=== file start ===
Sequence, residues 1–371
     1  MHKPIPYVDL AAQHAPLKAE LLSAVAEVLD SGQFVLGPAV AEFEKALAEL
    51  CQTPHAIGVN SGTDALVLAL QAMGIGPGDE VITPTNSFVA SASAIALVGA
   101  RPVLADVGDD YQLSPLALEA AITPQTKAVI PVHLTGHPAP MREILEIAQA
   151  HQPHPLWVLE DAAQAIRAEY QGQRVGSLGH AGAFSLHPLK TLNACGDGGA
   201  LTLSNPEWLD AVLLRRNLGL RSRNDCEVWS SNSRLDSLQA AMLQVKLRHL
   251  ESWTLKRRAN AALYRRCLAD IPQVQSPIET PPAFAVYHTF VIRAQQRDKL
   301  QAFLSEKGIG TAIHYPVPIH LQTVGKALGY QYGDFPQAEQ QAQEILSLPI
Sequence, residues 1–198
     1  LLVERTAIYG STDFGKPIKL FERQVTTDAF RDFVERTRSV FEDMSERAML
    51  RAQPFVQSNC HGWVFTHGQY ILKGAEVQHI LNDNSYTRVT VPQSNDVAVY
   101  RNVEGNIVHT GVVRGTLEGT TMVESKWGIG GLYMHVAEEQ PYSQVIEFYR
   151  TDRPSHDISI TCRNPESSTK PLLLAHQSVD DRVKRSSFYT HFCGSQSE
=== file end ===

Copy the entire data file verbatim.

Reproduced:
Sequence, residues 1–371
     1  MHKPIPYVDL AAQHAPLKAE LLSAVAEVLD SGQFVLGPAV AEFEKALAEL
    51  CQTPHAIGVN SGTDALVLAL QAMGIGPGDE VITPTNSFVA SASAIALVGA
   101  RPVLADVGDD YQLSPLALEA AITPQTKAVI PVHLTGHPAP MREILEIAQA
   151  HQPHPLWVLE DAAQAIRAEY QGQRVGSLGH AGAFSLHPLK TLNACGDGGA
   201  LTLSNPEWLD AVLLRRNLGL RSRNDCEVWS SNSRLDSLQA AMLQVKLRHL
   251  ESWTLKRRAN AALYRRCLAD IPQVQSPIET PPAFAVYHTF VIRAQQRDKL
   301  QAFLSEKGIG TAIHYPVPIH LQTVGKALGY QYGDFPQAEQ QAQEILSLPI
Sequence, residues 1–198
     1  LLVERTAIYG STDFGKPIKL FERQVTTDAF RDFVERTRSV FEDMSERAML
    51  RAQPFVQSNC HGWVFTHGQY ILKGAEVQHI LNDNSYTRVT VPQSNDVAVY
   101  RNVEGNIVHT GVVRGTLEGT TMVESKWGIG GLYMHVAEEQ PYSQVIEFYR
   151  TDRPSHDISI TCRNPESSTK PLLLAHQSVD DRVKRSSFYT HFCGSQSE